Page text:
Many people wonder if cycling is safe for the pelvic floor muscles and if it's possible to ride a bike with urinary incontinence. We tested how cycling affects the pelvic floor muscles and prepared practical tips for you!
How does cycling affect the pelvic floor muscles?
During cycling, your perineum is constantly under pressure. This increases tension in the pelvic floor muscles and compresses nerves and blood vessels. As a result, the pelvic floor muscles may not receive adequate blood flow and may not function properly - leading to difficulties in contracting and relaxing the muscles. The consequences may include pain, numbness in the perineal area, infections, urinary incontinence, and sexual dysfunctions.
How to protect the pelvic floor during cycling?
Choosing the right saddle depends on various factors, including the length and type of routes and the style of riding. For recreational cycling, wider seats are typically used, while narrower ones are preferred for sports riding.
How does the type of saddle affect the pelvic floor? Researchers observed the pressure exerted on the perineum during cycling by comparing different types of saddles. It was noticed that the narrower the saddle (with cutouts), the greater the pressure on the perineum.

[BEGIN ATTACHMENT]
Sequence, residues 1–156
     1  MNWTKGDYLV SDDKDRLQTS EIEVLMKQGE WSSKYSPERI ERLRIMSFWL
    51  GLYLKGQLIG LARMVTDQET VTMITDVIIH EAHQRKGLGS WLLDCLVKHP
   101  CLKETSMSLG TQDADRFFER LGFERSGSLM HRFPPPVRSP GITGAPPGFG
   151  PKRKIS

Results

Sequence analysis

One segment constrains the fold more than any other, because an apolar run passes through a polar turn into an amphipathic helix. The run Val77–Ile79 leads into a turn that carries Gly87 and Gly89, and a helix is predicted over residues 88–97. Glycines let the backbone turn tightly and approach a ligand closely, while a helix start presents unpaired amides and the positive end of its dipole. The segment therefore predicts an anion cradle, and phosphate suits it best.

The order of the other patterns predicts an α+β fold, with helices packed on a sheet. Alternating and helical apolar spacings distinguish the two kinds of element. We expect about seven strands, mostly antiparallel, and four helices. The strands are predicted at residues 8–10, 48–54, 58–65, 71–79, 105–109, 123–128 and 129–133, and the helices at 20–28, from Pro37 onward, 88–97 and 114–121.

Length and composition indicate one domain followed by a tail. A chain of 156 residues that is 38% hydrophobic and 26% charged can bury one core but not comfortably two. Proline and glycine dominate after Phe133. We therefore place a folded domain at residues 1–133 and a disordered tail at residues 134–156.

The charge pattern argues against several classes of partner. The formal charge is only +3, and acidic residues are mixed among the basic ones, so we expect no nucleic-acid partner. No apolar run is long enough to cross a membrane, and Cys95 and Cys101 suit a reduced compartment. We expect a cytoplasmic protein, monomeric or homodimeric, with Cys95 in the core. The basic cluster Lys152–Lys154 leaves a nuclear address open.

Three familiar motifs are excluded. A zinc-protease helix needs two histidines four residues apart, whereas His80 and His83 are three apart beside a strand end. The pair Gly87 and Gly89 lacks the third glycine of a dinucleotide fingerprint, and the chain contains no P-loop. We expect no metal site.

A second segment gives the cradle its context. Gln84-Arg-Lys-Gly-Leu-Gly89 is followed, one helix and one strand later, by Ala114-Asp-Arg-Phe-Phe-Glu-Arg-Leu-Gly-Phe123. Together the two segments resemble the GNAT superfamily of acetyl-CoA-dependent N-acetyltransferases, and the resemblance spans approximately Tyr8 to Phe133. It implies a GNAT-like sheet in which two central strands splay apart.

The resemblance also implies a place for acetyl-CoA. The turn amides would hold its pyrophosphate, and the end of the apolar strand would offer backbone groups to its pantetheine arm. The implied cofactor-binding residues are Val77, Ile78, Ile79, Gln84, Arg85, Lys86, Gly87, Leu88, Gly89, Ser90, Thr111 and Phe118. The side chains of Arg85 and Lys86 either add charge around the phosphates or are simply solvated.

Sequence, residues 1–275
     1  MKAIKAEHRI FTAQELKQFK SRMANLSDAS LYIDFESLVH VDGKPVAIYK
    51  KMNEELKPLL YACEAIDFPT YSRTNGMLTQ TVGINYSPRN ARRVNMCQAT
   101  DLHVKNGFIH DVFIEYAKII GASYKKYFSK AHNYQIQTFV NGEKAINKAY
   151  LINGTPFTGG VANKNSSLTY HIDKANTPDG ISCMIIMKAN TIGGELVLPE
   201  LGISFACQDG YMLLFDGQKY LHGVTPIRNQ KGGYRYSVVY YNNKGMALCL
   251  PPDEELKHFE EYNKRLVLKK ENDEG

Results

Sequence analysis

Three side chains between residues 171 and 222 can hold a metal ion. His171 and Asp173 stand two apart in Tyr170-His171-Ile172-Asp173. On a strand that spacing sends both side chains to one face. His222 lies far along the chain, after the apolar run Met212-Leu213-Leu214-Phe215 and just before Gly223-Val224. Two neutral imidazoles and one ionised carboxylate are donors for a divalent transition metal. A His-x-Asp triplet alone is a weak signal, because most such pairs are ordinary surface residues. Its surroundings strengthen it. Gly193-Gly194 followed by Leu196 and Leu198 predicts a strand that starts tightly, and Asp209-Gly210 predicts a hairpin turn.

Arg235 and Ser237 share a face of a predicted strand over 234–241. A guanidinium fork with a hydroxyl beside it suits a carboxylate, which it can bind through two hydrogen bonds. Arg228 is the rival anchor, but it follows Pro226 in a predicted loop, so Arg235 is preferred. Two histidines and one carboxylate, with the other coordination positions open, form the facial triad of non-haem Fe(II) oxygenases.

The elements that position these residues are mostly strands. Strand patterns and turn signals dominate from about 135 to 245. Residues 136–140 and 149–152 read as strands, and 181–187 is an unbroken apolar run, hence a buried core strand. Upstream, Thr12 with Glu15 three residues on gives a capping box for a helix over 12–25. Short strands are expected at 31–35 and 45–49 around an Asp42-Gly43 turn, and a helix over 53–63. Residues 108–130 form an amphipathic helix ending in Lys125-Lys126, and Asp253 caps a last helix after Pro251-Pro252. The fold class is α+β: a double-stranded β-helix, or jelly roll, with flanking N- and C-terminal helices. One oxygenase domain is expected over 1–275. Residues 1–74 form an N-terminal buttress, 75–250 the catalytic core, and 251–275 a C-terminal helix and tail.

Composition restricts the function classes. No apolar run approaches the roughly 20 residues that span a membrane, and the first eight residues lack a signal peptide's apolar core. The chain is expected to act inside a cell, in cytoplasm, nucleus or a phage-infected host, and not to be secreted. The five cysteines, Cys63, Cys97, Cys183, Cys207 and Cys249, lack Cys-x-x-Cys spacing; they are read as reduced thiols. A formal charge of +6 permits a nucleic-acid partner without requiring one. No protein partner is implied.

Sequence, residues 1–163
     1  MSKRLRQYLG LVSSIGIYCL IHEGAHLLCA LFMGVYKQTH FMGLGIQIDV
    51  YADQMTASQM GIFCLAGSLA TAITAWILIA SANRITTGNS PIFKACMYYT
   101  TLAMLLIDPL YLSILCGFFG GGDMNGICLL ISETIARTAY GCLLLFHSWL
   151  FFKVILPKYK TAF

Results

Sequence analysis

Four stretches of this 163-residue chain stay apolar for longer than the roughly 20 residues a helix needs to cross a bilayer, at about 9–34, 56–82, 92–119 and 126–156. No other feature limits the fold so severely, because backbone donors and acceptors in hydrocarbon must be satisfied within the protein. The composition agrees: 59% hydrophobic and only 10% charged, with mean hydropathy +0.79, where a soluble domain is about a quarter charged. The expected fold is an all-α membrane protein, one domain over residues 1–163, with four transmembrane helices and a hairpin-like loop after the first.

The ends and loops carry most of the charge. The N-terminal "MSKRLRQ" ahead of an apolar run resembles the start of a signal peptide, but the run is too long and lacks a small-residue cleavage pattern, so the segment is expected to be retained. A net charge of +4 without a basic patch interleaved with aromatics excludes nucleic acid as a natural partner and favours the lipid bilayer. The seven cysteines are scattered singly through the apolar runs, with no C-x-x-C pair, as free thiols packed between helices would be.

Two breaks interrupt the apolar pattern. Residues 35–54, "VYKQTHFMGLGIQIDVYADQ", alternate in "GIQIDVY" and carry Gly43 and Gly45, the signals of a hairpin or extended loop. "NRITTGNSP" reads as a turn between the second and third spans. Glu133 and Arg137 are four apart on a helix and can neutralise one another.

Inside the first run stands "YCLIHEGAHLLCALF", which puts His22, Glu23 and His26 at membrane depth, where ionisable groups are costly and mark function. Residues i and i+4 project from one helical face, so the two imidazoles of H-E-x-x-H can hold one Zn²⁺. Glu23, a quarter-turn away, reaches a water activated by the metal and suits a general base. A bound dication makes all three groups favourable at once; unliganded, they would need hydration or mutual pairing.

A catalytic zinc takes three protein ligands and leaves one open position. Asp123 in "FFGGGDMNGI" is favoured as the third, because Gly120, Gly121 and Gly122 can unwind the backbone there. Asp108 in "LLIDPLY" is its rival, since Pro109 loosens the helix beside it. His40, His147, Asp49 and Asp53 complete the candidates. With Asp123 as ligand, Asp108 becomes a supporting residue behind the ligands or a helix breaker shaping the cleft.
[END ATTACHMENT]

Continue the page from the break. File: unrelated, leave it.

Saddle A - full, Saddle B - with cutouts (Guess et al.)
Currently, there are many types of saddles available on the market, and their manufacturers care about our comfort during the ride. Even narrow saddles often have special cutouts designed to increase blood flow within the perineal tissues.
Remember, it's worth choosing the right saddle that takes into account anatomical factors (e.g., the spacing of sit bones), the types of routes you'll be riding on, and the specific properties of the saddle. This is particularly important if you ride a lot. Select the appropriate saddle for yourself, preferably with the help of a specialized store where you can test many types of saddles.
Position and Riding Technique
A low handlebar setting that forces a forward tilt of the torso increases the anterior tilt of the pelvis during cycling and enhances pressure on the perineum.
Bike fitting is becoming increasingly popular, involving an analysis of your body position during cycling and the adjustment of various bike components, such as saddle height or handlebar position.
Pelvic Floor Muscle Exercises
You don't have to give up activities you enjoy. It's essential to be aware of what your muscles need, for example, after a bike ride. Right after the workout, they'll need relaxation, but to restore or maintain their proper function, strengthening exercises will be necessary. In this case, isolated pelvic floor muscle training can be highly beneficial.
Try the new pelvic floor muscle training with the PelviFly Boost app designed for active women.
The 3-minute pelvic floor muscle training with Boost was created by Dr. Ula Herman and aims to help you regenerate your muscles after intense physical activity. In this exercise, you work at an individual tension of up to 30% of your current strength calculated after the muscle test. You control the game with your pelvic floor muscles in a multisensory training. Additionally, Ula included therapeutic and pain-relieving vibrations with a 50Hz protocol in the training, which will increase blood flow in the pelvic blood vessels and make the tissues more flexible.